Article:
Every year in mid-November, magical meteors from the Leonid meteor shower light up Earth’s night sky. Historically, the Leonids have been recorded as the largest “meteor storm”, ever reaching a rate of 50,000 meteors observed per hour.
Such meteor storms are very rare. According to Sky and Telescope magazine, viewers this year can only expect around 10 to 20 meteors per hour on the night of November 17 to early November 18.
MEMORYRUN LEONIDS INFORMATION
Operating time: 6/11-30/11 every year
This year’s peak: 17/11/2017
Origin: Comet Tempel Tuttle
From the constellation: Leo (Leo)
Frequency: 10-20 meteors/hour
WHERE DO THE LEONIDS MEET THE RAIN FROM?
The Leonid meteor shower occurs every November when Earth passes through the orbit of Comet Tempel-Tuttle. This comet orbits the Sun every 33.3 years, leaving behind countless dust particles and tiny meteorite fragments.
Once Earth passes through this dusty path, countless fragments of dust and rock rush into Earth’s atmosphere. Air resistance in the atmosphere causes them to heat up and burn into bright meteors.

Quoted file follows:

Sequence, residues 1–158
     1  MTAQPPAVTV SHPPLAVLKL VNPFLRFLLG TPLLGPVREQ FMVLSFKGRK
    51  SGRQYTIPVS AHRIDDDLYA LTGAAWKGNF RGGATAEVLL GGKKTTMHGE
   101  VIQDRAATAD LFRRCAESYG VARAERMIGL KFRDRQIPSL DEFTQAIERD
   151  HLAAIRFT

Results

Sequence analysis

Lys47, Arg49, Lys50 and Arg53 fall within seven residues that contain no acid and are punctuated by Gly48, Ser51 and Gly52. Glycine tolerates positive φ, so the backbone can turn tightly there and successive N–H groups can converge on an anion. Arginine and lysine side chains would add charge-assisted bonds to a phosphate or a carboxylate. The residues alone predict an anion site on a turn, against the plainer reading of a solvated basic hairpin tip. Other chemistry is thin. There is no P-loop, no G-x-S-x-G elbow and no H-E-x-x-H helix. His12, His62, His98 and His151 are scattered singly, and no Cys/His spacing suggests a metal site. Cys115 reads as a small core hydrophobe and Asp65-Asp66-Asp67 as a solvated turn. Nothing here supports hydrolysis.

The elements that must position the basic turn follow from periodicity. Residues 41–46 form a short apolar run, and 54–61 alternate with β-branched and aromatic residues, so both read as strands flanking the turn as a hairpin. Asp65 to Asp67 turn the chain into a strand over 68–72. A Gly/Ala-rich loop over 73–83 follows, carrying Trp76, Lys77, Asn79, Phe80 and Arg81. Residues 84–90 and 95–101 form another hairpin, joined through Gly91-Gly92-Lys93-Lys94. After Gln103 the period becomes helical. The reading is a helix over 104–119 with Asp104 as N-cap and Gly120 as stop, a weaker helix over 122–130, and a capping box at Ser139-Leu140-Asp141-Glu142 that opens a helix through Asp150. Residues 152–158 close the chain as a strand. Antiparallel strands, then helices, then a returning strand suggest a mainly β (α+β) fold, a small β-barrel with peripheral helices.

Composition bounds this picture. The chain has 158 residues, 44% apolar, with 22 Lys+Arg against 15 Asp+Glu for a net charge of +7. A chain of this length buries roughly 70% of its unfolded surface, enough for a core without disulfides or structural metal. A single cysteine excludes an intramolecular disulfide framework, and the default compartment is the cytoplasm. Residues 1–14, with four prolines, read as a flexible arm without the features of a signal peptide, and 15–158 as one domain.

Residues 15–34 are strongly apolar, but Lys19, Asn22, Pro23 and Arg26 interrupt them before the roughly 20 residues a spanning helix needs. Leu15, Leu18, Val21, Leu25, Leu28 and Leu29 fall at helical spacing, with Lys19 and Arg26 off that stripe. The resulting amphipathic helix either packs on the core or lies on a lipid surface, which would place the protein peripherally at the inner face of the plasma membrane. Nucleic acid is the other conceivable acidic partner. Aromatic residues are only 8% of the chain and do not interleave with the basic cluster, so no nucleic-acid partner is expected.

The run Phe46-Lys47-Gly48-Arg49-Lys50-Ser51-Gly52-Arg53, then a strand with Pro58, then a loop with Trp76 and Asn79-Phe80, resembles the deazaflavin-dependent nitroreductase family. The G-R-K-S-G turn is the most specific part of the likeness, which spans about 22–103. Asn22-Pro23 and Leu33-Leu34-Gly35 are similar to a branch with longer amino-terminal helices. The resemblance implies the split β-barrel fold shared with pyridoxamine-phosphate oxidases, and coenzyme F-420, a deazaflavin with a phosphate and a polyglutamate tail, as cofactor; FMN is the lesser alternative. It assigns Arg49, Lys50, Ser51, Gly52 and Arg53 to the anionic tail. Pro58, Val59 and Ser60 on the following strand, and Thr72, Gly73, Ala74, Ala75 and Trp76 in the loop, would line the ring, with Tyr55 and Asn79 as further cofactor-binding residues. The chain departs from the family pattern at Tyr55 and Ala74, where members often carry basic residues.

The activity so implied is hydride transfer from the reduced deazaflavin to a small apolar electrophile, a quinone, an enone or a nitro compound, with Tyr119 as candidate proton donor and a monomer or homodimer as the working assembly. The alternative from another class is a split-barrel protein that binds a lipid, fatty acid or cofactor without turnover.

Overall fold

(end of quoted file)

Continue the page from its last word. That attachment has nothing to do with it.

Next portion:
Due to their very small size, usually the size of a grain of sand or a pea, most burn up before reaching the Earth’s surface.
TIME AND PLACE OF OBSERVATIONS
The Leonid meteor shower peaks on the night of November 17 and early in the morning of November 18, however, some meteor trails can still be seen a few days before or after the peak. The moon only appears for a moment at dusk, so the whole night of observation will not be obstructed by moonlight.